NASCAR StatWatch: Martin Truex Jr. an oldie but goodie with Las Vegas win

The win at Las Vegas was the 24th of 39-year-old Martin Truex Jr.'s career, and 21st since he turned 35. Sam Morris/Icon Sportswire

The start of the NASCAR Cup Series playoffs brought us more of what we've been getting in the regular season: Joe Gibbs Racing victories.

And although a lot of the discussion has been around Kyle Busch's misfortune, rise and then run-in with a lapped driver, we'll focus on the Gibbs driver who got to Victory Lane on Sunday night -- Martin Truex Jr.

It's the third time in the past four years Truex has tasted victory in the playoff opener. One of those years, he went on to win the championship. In the other, he didn't finish in the top 10 in points. So just about everything's in play here.

Also impressive is that with nine races to go in the season, Joe Gibbs Racing has matched its team record for single-season wins, with the modern era record (since 1972) in its sights. But we'll hit that up when JGR gets a little closer to the mark.

Here are the three stats I was most impressed with for the week.


It was the 24th career win for Truex, but most of those have come later in his career. Twenty-one of those victories have come since Truex, now 39, turned 35.

That's the 10th most wins between the ages of 35 and 39 in Cup Series history, just one behind Jimmie Johnson's total, and more than notable drivers such as Tony Stewart (14) and Jeff Gordon (nine).

Truex won only three times before turning 35, and the plus-18 differential between his age 35 to 39 wins and pre-age 34 wins is tied for the third-largest differential in Cup Series history, tied with Hall-of-Famer and all-time great Cale Yarborough.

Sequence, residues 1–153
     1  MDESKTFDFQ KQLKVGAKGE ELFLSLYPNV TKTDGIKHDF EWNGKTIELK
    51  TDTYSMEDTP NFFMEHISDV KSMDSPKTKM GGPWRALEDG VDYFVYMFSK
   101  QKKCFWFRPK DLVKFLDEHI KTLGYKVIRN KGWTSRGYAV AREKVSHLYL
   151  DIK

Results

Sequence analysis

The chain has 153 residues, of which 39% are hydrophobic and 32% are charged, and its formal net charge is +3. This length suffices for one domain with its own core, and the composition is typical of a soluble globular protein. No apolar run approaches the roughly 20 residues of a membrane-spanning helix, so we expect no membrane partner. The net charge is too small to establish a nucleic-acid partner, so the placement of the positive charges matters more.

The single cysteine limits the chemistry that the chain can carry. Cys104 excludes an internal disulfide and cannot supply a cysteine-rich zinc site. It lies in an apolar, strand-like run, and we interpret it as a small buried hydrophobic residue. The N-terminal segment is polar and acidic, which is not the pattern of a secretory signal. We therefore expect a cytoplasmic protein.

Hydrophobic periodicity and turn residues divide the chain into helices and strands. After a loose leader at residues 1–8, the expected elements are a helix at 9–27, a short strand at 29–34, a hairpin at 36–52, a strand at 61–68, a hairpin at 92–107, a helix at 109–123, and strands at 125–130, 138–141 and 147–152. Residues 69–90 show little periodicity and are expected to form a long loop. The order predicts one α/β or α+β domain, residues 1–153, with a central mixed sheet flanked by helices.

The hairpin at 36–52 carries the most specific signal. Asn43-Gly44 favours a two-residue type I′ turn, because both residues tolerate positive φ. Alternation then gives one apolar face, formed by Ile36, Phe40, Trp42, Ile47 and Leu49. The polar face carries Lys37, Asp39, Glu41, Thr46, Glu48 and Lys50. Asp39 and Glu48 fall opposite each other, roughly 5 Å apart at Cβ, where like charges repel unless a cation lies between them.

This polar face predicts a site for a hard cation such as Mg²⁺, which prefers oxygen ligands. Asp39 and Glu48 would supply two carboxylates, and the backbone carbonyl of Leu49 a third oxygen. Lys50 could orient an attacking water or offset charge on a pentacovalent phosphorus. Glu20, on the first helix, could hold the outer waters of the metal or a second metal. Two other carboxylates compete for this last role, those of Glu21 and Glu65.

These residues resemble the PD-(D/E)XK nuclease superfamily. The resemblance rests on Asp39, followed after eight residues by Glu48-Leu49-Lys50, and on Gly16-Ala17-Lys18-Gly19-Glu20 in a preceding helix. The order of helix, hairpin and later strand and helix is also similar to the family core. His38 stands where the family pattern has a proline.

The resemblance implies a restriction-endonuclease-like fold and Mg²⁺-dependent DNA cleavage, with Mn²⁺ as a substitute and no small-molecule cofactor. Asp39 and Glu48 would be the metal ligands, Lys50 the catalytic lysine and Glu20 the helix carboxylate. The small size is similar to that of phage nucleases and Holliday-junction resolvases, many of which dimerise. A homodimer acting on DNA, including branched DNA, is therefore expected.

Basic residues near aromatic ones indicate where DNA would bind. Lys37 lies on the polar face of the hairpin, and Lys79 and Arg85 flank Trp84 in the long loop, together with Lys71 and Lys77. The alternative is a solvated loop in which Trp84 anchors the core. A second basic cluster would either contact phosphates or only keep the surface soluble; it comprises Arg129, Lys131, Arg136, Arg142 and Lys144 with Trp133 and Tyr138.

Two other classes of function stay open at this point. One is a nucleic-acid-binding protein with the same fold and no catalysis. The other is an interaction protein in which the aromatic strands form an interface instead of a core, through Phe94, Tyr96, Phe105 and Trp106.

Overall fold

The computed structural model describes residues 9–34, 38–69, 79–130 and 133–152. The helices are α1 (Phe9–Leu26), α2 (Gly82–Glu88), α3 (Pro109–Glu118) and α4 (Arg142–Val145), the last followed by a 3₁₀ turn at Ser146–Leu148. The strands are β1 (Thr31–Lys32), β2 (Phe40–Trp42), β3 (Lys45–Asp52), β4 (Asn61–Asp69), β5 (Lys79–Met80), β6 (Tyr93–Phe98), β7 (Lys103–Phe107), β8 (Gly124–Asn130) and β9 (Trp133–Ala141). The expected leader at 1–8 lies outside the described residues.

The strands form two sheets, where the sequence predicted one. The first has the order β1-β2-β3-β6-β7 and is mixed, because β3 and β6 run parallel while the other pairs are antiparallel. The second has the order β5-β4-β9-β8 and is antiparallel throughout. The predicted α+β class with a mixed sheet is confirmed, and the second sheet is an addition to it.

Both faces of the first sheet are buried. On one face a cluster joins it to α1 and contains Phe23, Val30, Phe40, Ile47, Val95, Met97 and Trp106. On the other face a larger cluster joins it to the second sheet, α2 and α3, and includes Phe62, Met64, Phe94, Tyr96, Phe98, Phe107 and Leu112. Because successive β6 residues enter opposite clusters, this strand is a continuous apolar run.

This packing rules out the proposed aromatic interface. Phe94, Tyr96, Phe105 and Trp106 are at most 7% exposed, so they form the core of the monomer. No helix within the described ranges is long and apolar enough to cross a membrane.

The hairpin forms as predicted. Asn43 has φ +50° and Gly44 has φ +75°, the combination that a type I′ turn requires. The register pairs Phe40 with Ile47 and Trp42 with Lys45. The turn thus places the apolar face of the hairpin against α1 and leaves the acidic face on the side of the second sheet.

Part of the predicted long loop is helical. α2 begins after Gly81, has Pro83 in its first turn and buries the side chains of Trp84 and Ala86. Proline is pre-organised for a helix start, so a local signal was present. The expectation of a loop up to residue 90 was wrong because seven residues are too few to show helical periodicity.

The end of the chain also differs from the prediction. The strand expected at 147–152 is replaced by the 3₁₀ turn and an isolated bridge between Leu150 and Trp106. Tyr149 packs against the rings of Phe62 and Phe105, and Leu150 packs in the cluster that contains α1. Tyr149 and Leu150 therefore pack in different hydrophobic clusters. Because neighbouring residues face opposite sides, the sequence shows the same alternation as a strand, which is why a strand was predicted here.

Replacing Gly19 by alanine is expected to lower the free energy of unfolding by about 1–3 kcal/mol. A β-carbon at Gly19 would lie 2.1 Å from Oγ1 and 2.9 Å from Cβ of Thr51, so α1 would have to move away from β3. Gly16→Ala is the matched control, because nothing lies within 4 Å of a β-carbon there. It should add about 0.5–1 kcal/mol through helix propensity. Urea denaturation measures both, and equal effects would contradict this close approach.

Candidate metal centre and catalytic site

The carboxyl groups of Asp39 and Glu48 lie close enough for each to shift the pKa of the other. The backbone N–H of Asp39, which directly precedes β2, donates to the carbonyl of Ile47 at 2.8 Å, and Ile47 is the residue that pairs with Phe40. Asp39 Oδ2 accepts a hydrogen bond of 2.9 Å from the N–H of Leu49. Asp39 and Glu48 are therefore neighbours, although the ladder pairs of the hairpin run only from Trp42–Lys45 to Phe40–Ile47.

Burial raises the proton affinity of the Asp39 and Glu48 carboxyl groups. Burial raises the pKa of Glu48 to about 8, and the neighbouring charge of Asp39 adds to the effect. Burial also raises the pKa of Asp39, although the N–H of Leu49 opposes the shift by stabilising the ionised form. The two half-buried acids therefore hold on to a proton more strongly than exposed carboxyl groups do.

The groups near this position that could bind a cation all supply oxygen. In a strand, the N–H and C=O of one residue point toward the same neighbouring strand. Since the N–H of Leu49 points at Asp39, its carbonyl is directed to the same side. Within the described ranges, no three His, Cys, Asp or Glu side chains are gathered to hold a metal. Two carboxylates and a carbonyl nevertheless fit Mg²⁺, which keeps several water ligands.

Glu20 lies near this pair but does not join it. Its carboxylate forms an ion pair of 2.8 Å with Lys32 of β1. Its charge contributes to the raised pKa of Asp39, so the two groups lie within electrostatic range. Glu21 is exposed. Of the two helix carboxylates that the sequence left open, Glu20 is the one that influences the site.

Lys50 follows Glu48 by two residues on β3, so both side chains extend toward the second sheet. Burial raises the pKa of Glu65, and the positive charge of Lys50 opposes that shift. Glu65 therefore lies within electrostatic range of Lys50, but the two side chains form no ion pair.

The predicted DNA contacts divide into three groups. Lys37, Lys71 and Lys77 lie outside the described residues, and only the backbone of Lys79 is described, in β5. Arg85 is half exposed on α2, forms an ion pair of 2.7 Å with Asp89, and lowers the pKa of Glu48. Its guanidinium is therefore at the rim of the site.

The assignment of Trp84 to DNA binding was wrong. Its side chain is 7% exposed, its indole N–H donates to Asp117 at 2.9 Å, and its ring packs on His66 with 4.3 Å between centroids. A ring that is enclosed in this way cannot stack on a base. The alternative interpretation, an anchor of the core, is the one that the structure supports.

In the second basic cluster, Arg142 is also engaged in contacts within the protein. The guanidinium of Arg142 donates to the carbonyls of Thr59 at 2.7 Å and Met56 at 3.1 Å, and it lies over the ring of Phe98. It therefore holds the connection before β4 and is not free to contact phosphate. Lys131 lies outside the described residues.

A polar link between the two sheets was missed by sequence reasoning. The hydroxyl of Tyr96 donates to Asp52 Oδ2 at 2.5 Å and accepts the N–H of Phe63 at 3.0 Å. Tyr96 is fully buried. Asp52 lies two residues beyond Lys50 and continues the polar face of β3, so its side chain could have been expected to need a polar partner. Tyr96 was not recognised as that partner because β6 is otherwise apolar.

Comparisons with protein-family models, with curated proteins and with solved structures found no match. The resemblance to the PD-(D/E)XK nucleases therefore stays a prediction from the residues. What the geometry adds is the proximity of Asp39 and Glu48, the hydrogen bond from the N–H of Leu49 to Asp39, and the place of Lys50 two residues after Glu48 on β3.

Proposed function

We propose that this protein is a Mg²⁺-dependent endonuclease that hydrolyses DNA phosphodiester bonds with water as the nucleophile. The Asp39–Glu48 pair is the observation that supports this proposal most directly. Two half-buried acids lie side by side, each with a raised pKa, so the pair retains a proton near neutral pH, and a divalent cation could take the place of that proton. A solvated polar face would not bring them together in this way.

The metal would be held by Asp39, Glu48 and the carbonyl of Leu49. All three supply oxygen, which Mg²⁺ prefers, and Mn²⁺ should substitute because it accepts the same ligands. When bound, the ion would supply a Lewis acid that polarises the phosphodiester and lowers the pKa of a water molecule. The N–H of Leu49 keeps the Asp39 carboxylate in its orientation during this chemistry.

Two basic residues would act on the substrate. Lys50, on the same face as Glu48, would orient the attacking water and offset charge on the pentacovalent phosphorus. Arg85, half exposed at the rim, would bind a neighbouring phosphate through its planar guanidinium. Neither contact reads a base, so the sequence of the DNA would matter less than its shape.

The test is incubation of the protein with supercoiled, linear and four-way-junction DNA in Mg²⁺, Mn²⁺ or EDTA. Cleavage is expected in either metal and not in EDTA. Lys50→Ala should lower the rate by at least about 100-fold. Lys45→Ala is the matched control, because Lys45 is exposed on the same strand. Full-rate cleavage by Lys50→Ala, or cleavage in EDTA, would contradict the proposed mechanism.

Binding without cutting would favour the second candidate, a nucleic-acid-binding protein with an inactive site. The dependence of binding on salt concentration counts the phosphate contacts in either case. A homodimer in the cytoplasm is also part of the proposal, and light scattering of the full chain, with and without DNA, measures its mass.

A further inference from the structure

The record's likely out of reach before Truex's 40th birthday next June. It belongs to Bobby Isaac (plus-35), followed by Buck Baker (plus-27).

A rare pole for Clint Bowyer

Quick, who remembers what they were doing 12 years ago at this time? Chances are your memories might be a little blurry.

For Clint Bowyer, it was the last time before last week that he sat on a Cup Series pole. He also won the pole for the 2007 playoff opener, then at New Hampshire. It was a solid day for Bowyer, as he led 222 of 300 laps and won by about 6½ seconds over Jeff Gordon.

According to NASCAR's Twitter account, that's the second-longest span between poles in Cup Series history, trailing only Bowyer's former car owner, Michael Waltrip, who went 456 races from 1991 at Michigan to 2005 at Pocono.

This time, it didn't go quite as well for Bowyer as his last start from the pole, as he led just one lap and finished 25th. It's the fifth time this season a pole sitter has led one or fewer laps, but the first time that driver also has finished 25th or worse.

To find the last time that happened before Sunday, you have to go back almost exactly one year, to last year's playoff opener at Las Vegas, when Erik Jones finished 40th from the pole.

In fact, three of the past four Las Vegas pole sitters led one lap or fewer. Along with Bowyer and Jones, Ryan Blaney did it in last year's spring race.

Xfinity Series youth movement

Tyler Reddick stretched his fuel and won the NASCAR Xfinity Series regular-season finale at Las Vegas, holding off a dominant 24-year-old Christopher Bell.

It was the fifth victory of the year for the 23-year-old Reddick, going along with the six for Bell and six more from 21-year-old Cole Custer. If you think that seems like a lot of wins by young drivers, you are correct.

The series, once criticized by not doing enough to develop young drivers in advance of the Cup Series, has now seen 20 of its 26 races won by drivers younger than 25 this season.

With seven races remaining, the series already has broken the record for most wins in a season by drivers younger than 25, set in 2012 and tied in 2017 with 17 wins.

However, the series is doing it with more non-Cup drivers than in recent memory. Of the 24 weekends this season with both Cup and Xfinity races, 19 have been won by drivers who didn't run the Cup race.

Again, with races still left on the schedule, that's still two more than last year, six more than 2017, nine more than 2016 and 11 more than in 2015.